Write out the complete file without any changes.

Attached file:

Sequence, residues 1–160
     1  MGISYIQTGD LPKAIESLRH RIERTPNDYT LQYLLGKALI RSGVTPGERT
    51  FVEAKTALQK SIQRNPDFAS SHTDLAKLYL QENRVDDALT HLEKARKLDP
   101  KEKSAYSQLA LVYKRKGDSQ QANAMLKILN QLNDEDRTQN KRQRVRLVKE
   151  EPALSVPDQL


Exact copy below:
Sequence, residues 1–160
     1  MGISYIQTGD LPKAIESLRH RIERTPNDYT LQYLLGKALI RSGVTPGERT
    51  FVEAKTALQK SIQRNPDFAS SHTDLAKLYL QENRVDDALT HLEKARKLDP
   101  KEKSAYSQLA LVYKRKGDSQ QANAMLKILN QLNDEDRTQN KRQRVRLVKE
   151  EPALSVPDQL